Mike Keene of The Faceless: The Joys of Touring

Now I think I’m trying to focus on creating the aesthetic and the vibe within the music...

Mike Keene of The Faceless is no doubt by now chilling with his feet up surrounded by his k9 pals back in time for the Los Angeles fall, and rightly so. The Faceless have endured a lengthy and gruelling tour cycle over the past few months; an American tour with Between The Buried & Me & The Contortionist (who were also on the shores of Australian recently). Mike mentions during our interview the bands were able to catch up as well as the realisation that they were all staying in the same hotel in Brisbane by complete chance. Metal As Fuck have been chatting to all three bands recently and the exhaustion was kicking in “The American tour was fun which made it easier, but we only had 8 days off before leaving for Japan which was super exhausting. So it’s safe to say that all the guys and myself are thoroughly exhausted”. 35 shows in 42 days just boggles the mind.

After the completion of the Nile tour, Mike informs MaF that after a short break there will be further touring in March with further announcements shortly to come. No longer a rookie at touring, we ask Mike of the necessities he can’t leave home without “I find myself pretty dependant on my phone, which is hard when you’re overseas, you can’t use it as much; getting onto shitty Wifi, it’s a bit tough. But over the years I’ve become less dependent on a lot of things, I mean the phone is the big thing, because you feel so isolated from the world. I can’t Skype and see my dogs you know – other than that I can go with the flow. I used to pack a biiiiig suitcase, with all this stuff and it just gets smaller and smaller every time; now I can do like a 30 day tour with like a small backpack”. [Laughs]

Now to the covers album from The Faceless, which has received a lot of praise over the past few months; when did you come up with the idea to take on a project such as this? “I was kind of always interested in doing it. A fun way to try some different things, dip my feet in something different and fun”.

Did you know what songs you always wanted to cover? “I based the idea off the songs I always loved”. It wasn’t an easy feat, you’ve mentioned, to make the songs sound ‘Faceless-esque’ (I just made that word up) “There were a lot of songs that had simple arrangements; songs that I love but turning them into something that was recognizable as a Faceless song was actually pretty difficult. Getting into the thick of some songs I was just like ok this isn’t going to work and we moved onto the next one. [Laughs] The whole process was super fun though, I really like the challenge and I’ve barely begun with it”. What gravitated you to these songs in particular? “I guess both the music and lyrics, a combination of that and nostalgia I suppose”.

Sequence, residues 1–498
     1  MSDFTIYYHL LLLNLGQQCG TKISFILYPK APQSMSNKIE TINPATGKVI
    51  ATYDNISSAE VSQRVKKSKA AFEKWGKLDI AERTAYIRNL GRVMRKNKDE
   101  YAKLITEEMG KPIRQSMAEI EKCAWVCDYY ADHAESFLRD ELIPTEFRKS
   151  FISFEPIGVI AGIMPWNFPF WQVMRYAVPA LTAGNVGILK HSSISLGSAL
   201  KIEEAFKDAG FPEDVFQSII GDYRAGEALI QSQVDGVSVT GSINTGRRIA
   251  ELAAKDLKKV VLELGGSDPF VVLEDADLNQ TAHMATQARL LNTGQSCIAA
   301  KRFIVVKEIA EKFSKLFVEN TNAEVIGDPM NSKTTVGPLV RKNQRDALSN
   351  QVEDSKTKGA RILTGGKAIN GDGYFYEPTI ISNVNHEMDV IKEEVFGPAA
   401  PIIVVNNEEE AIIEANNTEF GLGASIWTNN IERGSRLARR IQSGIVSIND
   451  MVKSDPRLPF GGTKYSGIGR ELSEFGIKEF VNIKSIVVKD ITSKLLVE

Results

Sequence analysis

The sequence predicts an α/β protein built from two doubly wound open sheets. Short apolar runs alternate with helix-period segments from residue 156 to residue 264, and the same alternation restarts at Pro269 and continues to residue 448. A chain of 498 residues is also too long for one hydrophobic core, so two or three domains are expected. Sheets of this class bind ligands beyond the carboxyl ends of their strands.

The Faceless’ latest album, Autotheism; you’ve mentioned that you are now fulfilling the original idea of the band – what brought you to that realisation? “I think originally with the band I always felt it would be cool for it to be what it is now and there is always a certain amount of reservation when taking big risks because you don’t know how people are going to respond or whatever, but as I’ve gotten older, frankly I don’t give a shit anymore. I wanna do what I want, I don’t care what that means, I don’t care about the repercussions, so yeah, I’m just going to make music the way I want to make music and people will either like it or they won’t”.

How do you intend on further polishing your technique? Any further pools you wish to dip your toes in? “Yeah absolutely, I have a lot of ideas for another record – how to make it unique, it involves having a lot of influences shining through. A big part of the identity of The Faceless is taking things that have always inspired me and lacquering that ‘metal’ aesthetic to it”. Where in the music of The Faceless has been the most focus? Like what is the most crucial element? “In terms of instrumentation, traditionally the harmonic concepts, the note choices, and obviously we are a very guitar driven band (and a drum driven band too). Now I think I’m trying to focus on creating the aesthetic and the vibe, like the ambience with the music. Music can take you to an imaginative place and create a great vibe. Certain artists when you listen to their music, you can find a distinct place where it takes you too”.

The Faceless supported Nile on the At The Gates of Sethu tour that had recently swept the country like a flood..... I still have a mild bangover.....